About D-E
D-E Green

Green Curriculum

 
Within the curriculum for all academic levels within D-E -- from our youngest students in PreK (age 3) all the way through to Grade 12 -- the importance of sustainability is threaded into discussions both within the classroom and outdoors.  Provided here are brief overviews from all three divisions, Lower, Middle, and Upper, on how our curriculum addresses the role of individuals in supporting our environment.
 
D.I.G. (Dwight-Englewood in the Garden):
 
In the seventh and eighth grades, students can opt for the following D.I.G. courses:
 
D.I.G. (Dwight-Englewood in the Garden) - Grade 7
Students in this class will engage in hands-on discovery of basic conservation concepts and learn gardening skills in the school’s organic vegetable garden and greenhouse space. The class will work together on a series of projects such as tending garden beds, harvesting vegetables and herbs to eat in class, and planning and planting the next year’s garden. We will also do some research, reading, and watching of documentary films to help us explore questions such as “What are organic methods and why are they better for the environment?” and “What is soil stewardship?” Includes regular work outdoors. 
 
D.I.G. (Dwight-Englewood in the Garden) - Grade 8
This course gives students the opportunity to envision and build a new planting area to enhance the school’s organic vegetable garden. As we design the new bed, the class will look to tidy the areas around our garden and consider such practical elements as access paths and exposure. In the process of planning, construction and planting, the class will develop its gardening skills and learn more about soil, compost management, and selection and cultivation of food plants appropriate for our situation. Students will also engage in discussion of current issues in food gardening such as maintaining the genetic diversity of seeds and the effect of climate change on agriculture. We will do some research, reading and watching of documentary films to support that discussion. Includes work outdoors.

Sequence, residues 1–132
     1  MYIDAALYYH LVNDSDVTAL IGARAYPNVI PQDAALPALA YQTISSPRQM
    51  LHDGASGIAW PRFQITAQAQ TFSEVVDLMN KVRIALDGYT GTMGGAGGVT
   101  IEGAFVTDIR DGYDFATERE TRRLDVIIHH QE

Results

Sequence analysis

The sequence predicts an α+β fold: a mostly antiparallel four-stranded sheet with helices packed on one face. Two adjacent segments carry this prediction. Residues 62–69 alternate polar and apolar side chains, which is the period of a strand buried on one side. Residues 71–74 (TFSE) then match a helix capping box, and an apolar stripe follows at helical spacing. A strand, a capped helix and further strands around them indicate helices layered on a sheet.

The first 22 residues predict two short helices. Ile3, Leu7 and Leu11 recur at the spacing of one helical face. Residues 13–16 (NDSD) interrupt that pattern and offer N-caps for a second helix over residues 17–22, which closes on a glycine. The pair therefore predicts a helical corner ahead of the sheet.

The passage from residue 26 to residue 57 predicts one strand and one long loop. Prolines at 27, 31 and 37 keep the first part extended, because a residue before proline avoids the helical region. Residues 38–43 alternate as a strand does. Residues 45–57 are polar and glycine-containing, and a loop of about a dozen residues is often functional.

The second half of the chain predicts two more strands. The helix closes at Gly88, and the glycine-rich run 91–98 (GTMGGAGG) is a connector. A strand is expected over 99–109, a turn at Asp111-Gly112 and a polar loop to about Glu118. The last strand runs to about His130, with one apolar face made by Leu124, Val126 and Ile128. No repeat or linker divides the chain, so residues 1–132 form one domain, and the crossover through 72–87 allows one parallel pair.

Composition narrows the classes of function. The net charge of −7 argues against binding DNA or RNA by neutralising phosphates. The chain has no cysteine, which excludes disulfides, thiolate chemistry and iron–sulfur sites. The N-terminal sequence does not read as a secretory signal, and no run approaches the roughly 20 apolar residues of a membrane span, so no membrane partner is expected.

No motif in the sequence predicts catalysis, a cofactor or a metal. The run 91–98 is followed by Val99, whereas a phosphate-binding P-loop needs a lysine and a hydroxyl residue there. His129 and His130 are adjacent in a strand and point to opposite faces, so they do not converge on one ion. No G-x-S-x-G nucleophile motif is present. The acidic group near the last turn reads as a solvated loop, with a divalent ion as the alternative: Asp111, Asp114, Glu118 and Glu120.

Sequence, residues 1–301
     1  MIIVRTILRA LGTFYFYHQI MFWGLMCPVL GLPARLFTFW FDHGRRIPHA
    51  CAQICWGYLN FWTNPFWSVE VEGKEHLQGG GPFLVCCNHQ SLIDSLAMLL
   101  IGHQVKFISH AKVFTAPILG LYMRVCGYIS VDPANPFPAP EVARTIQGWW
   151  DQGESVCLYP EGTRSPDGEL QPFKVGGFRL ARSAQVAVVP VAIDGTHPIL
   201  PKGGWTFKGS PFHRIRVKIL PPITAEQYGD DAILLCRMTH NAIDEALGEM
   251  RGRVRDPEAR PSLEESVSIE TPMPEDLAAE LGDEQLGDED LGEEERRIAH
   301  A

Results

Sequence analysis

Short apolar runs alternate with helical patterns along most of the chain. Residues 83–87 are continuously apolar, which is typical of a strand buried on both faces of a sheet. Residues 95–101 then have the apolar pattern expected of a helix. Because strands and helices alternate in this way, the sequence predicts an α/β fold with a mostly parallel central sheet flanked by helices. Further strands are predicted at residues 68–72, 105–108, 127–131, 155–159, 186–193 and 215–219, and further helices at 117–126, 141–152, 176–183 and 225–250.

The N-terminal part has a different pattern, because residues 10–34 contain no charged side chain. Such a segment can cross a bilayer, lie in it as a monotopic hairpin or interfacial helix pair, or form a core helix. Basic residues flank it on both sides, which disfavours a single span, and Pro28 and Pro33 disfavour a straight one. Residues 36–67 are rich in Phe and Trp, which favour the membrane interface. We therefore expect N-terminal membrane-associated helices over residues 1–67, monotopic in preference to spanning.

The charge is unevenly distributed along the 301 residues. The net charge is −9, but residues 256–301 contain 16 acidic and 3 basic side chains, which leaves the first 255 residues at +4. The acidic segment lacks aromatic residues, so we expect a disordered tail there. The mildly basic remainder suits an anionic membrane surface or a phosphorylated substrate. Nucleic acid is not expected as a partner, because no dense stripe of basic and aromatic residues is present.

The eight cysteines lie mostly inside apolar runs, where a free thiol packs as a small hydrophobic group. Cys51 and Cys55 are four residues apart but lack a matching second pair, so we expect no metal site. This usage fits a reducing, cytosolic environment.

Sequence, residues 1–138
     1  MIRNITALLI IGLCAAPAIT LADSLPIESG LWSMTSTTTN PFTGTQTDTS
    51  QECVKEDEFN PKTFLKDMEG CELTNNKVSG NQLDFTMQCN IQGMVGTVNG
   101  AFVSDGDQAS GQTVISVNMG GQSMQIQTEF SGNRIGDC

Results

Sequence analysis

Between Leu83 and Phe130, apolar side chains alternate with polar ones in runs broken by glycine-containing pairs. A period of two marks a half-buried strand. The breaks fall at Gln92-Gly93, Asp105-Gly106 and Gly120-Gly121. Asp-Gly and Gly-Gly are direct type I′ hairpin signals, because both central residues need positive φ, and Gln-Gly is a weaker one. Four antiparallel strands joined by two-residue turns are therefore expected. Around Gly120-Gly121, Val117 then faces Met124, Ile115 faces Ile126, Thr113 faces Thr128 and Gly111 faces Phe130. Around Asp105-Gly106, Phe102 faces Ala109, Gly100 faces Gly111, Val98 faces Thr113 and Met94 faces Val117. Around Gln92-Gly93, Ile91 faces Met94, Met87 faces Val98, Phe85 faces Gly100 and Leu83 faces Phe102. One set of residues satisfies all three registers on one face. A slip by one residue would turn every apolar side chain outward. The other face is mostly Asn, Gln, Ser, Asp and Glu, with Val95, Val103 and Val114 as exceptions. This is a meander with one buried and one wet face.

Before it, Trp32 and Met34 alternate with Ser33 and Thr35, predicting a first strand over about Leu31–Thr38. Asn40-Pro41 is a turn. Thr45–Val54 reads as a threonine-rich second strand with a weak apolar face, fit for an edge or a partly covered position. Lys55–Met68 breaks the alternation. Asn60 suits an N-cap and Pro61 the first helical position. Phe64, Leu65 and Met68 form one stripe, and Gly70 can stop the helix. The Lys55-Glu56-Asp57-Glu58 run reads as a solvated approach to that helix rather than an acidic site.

List of 3 items.

  • Serious about Sustainability: Starting Young (Lower and Middle Schools)

    What can a child in the elementary grades do to help create a sustainable world? You’d be surprised. The most comprehensive environmental programs at Dwight-Englewood were first developed in the Lower School.
     
    One example is the program to recycle paper and plastic, which was developed by 5th grade students four years ago. With the support of fifth grade science specialist Erik Swanson, students took a trip to the Englewood Recycling Center to learn what materials were being recycled by the town. Students then discussed, collaborated, and created a plan for the Lower School to recycle paper, cardboard, and certain plastics. Recycling containers were purchased for all Lower School classrooms and offices, and large collection receptacles were secured so the fifth graders could collect, weigh, record, and set out recyclables for Maintenance Department staff to handle properly.
     
    About that same time, 3rd and 4th grade students showed a strong interest in establishing a Lower School garden. Under the guidance of Beth Lemire, Lower School science specialist for pre-K through 4th grade, the students built raised-bed plots, hauled endless buckets of dirt, and made the gardens a reality. They planted vegetables, with the idea of making soups from the harvest for all to taste at lunch.
     
    Shortly after the gardens were established, it just made sense to use leftover food waste to establish a Lower School composting program. With a donated composter and plastic containers for each classroom, students discovered that they had a source of natural fertilizer right at hand. Soon the single composter was not enough to handle the load. Students researched and purchased two more composters with money that they had raised during a green walk-a-thon. That meant food waste from the cafeteria could be composted as well. The gardens benefited from the compost, but so too did the fruit flies in the building, as the compost containers in the classrooms did not have tight tops. This challenge necessitated more problem solving by the students. Again they researched and purchased composting containers that solved the fruit fly problem. The School purchased its fourth “ComposTumbler” in early March 2012 and continues to be supported by FLIK Dining Services in these efforts.